Pennsylvania Takes Steps to Restore Ratings of Its Credit Enhancement Program

Many states throughout the country have established state credit enhancement programs that allow local governments to issue municipal debt, primarily school district general obligation bonds, with ratings that are higher than the underlying rating of the local government. These state credit enhancement programs have increased access to and decreased the cost of borrowing for many local governments. There has also been a long-held investor acceptance of the credit enhancement programs, particularly among investors of high-grade municipal bonds.

There are a number of variations in the structure of the credit enhancement programs. Oregon and Washington, for example, have two of the strongest programs, as they guarantee the payment of debt service for school district general obligation debt, resulting in ratings equal to the highly-rated GO of each state (both Aa1/AA+/AA+). Another type of credit enhancement, the state intercept, provides that state aid to local schools will be intercepted if there is a shortfall in a school’s revenue pledged to pay debt service. While most state intercept programs are highly rated, they are typically rated lower than the state’s GO bonds because, unlike the Oregon and Washington programs, the credit enhancement does not guarantee the payment of debt service.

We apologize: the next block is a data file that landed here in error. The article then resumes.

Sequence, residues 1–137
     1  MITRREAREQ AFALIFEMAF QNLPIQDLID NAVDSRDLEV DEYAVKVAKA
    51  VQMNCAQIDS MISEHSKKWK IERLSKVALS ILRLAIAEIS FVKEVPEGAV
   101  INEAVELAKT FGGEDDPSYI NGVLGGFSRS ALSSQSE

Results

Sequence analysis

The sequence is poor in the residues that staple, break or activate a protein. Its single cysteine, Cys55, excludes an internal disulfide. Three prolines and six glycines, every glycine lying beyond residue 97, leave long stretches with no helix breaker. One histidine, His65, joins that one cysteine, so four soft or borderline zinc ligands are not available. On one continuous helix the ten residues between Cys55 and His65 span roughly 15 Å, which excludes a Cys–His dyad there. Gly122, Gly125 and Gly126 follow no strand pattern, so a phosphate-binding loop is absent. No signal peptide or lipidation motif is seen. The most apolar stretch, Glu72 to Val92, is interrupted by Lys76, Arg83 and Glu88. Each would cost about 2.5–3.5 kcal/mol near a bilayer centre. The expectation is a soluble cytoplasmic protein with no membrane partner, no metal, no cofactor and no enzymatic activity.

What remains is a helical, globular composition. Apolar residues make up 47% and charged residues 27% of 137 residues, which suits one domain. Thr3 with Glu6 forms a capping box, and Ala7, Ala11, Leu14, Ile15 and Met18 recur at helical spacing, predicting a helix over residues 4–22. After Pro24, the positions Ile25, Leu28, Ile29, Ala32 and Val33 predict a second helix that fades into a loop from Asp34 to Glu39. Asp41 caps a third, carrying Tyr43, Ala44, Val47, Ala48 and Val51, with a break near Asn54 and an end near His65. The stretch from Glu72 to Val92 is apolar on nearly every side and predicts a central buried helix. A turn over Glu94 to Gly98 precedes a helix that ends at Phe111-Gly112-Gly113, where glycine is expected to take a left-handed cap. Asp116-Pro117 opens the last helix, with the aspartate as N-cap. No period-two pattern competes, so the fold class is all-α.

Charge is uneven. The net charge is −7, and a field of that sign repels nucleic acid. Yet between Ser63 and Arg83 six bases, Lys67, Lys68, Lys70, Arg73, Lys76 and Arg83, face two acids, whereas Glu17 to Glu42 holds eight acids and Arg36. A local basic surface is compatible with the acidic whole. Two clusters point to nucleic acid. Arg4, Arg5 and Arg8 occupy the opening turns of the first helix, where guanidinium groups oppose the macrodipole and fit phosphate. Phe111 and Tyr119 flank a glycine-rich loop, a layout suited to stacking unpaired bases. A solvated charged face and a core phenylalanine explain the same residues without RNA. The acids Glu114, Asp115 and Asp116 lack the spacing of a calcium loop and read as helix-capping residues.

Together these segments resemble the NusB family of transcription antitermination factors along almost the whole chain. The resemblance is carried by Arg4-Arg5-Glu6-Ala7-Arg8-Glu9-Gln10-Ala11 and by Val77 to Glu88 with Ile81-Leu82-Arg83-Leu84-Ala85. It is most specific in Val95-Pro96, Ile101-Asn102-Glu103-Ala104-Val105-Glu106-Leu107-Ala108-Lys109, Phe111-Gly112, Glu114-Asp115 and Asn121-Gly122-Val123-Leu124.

School bonds associated with one state intercept program, the Pennsylvania School District Enhancement Program, faced downgrades during the last fiscal year due to Pennsylvania’s budget crises. The commonwealth failed to adopt a budget for FY’16 by the time the fiscal year started on July 1, 2015. Without a budget, there was no state aid, which meant there was no revenue source to intercept, and as a result the ratings of many school district bonds throughout Pennsylvania were downgraded (when Moody’s downgraded the ratings of the enhancement program and S&P withdrew its ratings). The biggest impact from the lack of state aid was felt by holders of Philadelphia School District GO bonds, as their bonds were downgraded to non-investment grade levels.

Although the state eventually adopted a budget for FY’16 in March 2016, nine months after the start of the fiscal year, Moody’s did not reinstate the credit enhancement ratings at that time due to a lack of clarity over the funding of the program. It was not until last month that Moody’s reinstated the program to the A category. Those ratings were restored only when the commonwealth had adopted its FY’17 budget and also added a provision to the credit enhancement program that would make state funds available for the state intercept even if the commonwealth had not yet adopted a budget. S&P has not yet reinstated the ratings that it withdrew during the commonwealth’s budget crises. 

SNW continues to hold bonds that are supported by state credit enhancement programs. In light of the impacts of the Pennsylvania budget impasse on its credit enhancement program, we also continue to stress the importance of analyzing the credit characteristics as well as the resources backing state credit enhancement programs, the enhancement mechanisms of the programs, and the underlying credit of the local government issuing the bonds.

Source: Janney Montgomery Scott, Moody’s Investor Service, S&P Global Ratings